Run through the jungle

Frying fish laden with turmeric and chilli and salt, aromas thick with memories of my childhood rise. With them rise waves of self doubt, of sadness that seeps from the marrow of my bones. I’m choked by what-ifs and sliding-door scenarios.

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The Prophet

I take a left at the end of my street and turn down a barely used laneway. I’m trying to avoid people, trying to maintain social distance, or physical distance, or whatever the latest pandemic catchphrase is. Hardly anyone comes down this way. I know this from walking the dogs. In the daytime, the odd dog-walker ventures down this lane, but at dusk it’s just me and the homeless folks rifling through rubbish or stolen goods dumped by reprobate youth fleeing from shadows and whispers of police sirens.

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Roots

A golden thread runs between my mother’s garden and mine. Earth beneath fingernails carries legacy and heritage.

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The conversion of cat people

There hadn’t been a dog in our family in my living memory. When I was a baby, there was Johnny – a pure bred bitser[1], a beast of the most patchwork genealogy possible, a hotchpotch of canine genetics that tested the limits of hybrid vigour. But he was a myth, a legend, a story drawn from the mists of time. As far as I was concerned, we were devout cat people.

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Maintain the rage

“We’re tired,” he said. “We’ve faced 30 metre walls of flame. Seen fire skip breaks, hop highwaysleap rivers.”

We tried to warn you,” they said. “A year ago. More.”

Unprecedented’, the lone beacon among weasel words that shift the blame.

Will outrage stay lit another two years?


Image credit: Image by Daniel Zuflucht from Pixabay

Aussie chick

“Good morning!” The man hailing me adjusted his hearing aid with one hand and waved with the other. His neatly pressed shorts stood to stiff attention around his thin legs — more a cordon than clothing. His short-sleeved shirt and sturdy leather sandals completed the image of a man who took pride in his appearance and valued how he was viewed. Thinning white hair parted with each gust of wind to reveal the pink of his scalp. I noticed his hands as he released his small, wiry-haired dog from its leash to complete its morning ablutions — speckled with sunspots on almost translucent skin, a railway track of criss-crossing veins bulging at the surface, knuckles bent and gnarled and probably arthritic.

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The Petite Grief of Rejection Emails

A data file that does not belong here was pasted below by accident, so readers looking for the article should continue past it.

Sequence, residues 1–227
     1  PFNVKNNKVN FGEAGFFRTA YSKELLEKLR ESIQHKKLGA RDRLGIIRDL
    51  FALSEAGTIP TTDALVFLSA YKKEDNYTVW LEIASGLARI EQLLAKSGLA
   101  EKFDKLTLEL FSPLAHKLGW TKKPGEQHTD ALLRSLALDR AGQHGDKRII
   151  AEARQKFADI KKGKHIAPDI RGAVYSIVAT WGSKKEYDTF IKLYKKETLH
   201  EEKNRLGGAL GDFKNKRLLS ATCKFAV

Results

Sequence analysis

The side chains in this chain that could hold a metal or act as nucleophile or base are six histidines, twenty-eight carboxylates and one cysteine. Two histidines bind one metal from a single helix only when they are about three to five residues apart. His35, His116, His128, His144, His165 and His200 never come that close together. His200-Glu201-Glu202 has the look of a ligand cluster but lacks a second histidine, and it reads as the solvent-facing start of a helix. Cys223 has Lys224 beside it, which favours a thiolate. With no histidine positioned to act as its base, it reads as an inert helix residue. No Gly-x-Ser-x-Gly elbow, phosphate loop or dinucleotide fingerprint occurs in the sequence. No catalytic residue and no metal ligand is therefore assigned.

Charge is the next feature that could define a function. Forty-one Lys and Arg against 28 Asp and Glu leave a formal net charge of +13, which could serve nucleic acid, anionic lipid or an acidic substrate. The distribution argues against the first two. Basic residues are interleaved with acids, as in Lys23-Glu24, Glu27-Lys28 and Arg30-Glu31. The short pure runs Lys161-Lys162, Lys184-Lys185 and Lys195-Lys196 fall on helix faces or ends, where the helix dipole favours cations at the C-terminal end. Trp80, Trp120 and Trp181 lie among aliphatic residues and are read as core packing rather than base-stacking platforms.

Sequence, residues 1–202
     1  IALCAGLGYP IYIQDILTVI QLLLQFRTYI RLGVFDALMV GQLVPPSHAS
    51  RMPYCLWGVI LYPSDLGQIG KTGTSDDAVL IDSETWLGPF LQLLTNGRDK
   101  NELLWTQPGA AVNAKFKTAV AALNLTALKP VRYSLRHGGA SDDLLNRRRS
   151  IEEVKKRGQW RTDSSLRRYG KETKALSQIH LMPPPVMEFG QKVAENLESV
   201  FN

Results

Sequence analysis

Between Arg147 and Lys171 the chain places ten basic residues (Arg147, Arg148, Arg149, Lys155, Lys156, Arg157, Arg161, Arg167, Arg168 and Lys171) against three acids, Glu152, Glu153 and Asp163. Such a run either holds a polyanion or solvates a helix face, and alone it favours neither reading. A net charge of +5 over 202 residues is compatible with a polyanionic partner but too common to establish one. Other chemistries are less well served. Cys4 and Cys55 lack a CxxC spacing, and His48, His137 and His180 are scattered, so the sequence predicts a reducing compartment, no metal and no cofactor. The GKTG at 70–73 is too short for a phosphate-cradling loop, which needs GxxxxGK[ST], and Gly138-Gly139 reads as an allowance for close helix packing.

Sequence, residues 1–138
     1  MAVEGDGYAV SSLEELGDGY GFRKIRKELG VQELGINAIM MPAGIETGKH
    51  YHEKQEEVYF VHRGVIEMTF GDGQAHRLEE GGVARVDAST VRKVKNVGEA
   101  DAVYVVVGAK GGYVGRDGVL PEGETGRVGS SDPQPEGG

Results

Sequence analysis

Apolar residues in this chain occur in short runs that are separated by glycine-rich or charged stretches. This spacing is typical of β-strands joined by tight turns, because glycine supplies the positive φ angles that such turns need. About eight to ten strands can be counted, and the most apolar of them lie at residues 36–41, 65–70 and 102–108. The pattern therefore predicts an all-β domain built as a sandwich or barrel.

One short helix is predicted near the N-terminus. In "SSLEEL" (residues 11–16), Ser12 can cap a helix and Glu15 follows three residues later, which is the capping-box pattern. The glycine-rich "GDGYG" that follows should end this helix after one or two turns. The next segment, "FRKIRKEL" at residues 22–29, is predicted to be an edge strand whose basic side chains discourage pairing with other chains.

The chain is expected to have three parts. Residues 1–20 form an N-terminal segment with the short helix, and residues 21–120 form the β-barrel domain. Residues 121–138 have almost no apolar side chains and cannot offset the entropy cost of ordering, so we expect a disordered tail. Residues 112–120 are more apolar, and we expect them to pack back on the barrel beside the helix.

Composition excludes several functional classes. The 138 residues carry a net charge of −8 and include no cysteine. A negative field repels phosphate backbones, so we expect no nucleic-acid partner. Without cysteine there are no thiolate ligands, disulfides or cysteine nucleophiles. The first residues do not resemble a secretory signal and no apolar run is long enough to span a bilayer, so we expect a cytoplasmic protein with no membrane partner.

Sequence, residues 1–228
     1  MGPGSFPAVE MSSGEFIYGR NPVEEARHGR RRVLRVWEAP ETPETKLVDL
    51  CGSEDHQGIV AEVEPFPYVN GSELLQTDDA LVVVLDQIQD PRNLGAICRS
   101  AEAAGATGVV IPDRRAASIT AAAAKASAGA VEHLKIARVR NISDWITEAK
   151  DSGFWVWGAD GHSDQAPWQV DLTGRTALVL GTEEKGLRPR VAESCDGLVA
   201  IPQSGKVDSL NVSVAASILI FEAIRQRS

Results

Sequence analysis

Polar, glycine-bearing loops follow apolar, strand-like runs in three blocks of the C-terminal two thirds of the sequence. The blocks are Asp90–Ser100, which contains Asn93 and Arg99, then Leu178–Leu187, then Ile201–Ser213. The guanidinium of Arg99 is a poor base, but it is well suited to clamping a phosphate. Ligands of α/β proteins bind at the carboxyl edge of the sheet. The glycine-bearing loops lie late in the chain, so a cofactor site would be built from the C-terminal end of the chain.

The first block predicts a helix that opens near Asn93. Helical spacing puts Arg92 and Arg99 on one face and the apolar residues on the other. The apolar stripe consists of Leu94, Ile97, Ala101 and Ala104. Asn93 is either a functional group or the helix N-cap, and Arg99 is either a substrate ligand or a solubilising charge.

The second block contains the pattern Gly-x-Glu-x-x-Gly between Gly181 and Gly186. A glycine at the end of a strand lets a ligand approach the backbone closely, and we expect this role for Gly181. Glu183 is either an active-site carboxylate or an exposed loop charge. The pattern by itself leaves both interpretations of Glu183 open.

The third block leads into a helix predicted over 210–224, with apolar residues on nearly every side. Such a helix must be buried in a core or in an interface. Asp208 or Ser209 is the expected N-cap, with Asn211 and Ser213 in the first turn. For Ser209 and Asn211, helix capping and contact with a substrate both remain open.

Yet another rejection email has hit my inbox. Yet another chip has been eroded from my soul. I don’t know how rejections affect everyone else, but I assume it’s similar. There’s a level of deeply intimate, deeply personal critique in the sharp hidden edges of an email thanking me for my work, noting the large number of high quality entries, and wishing me luck elsewhere. Those words morph and reshape themselves into cheery proclamations of my fears.

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Morning walk

Dear Walking Group Women,

I see you, my siblings, and I ignore you. Namaste. Or Peace Be With You. Or May the Odds be Ever in Your Favour. Or whatever version of in-tune, en pointe (on point? On pointe? On-ee point-ee?), in-the-moment greeting du jour holds currency right now. And yes, I did roll my eyes at your Namaste, so heartily imbued with an affected spiritual significance that a humble ‘hello’ just doesn’t convey.

It’s not you, it’s me. I am not a morning person. 

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Fire and fury

CN: graphic description (no image) of burned animal

I fill my glass to the brim with ice. So much ice that the water I pour in has to jostle and squeeze past, hugging corners, slipping salaciously past curves and furrows like it’s making a run for the bar in a crowded nightclub, arms high, eyes on the prize, ‘excuse me’ and ’sorry’ and ‘pardon me’ flung in every direction. I check my phone as a slow stream hisses from the fridge. Twitter and Facebook flick images of leaping flames, and singed landscapes so barren they look otherworldly, and animals, caught fleeing the conflagration, trapped in fencing wire, their faces contorted by fear and fire. 

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How to make an espresso

Buy the finest roast coffee beans you can afford. Do not buy ground coffee, it’ll only go stale before you get to the bottom of the bag. Don’t think about the thick murky Indonesian coffee you sipped on humid mornings on the porch of a Sumatran hotel till your tongue recoiled at the muddy sludge lurking at the bottom of the cup. You’ll only long for a time before the complications that beleaguer children who inhabit the liminal space between childhood and adulthood. 

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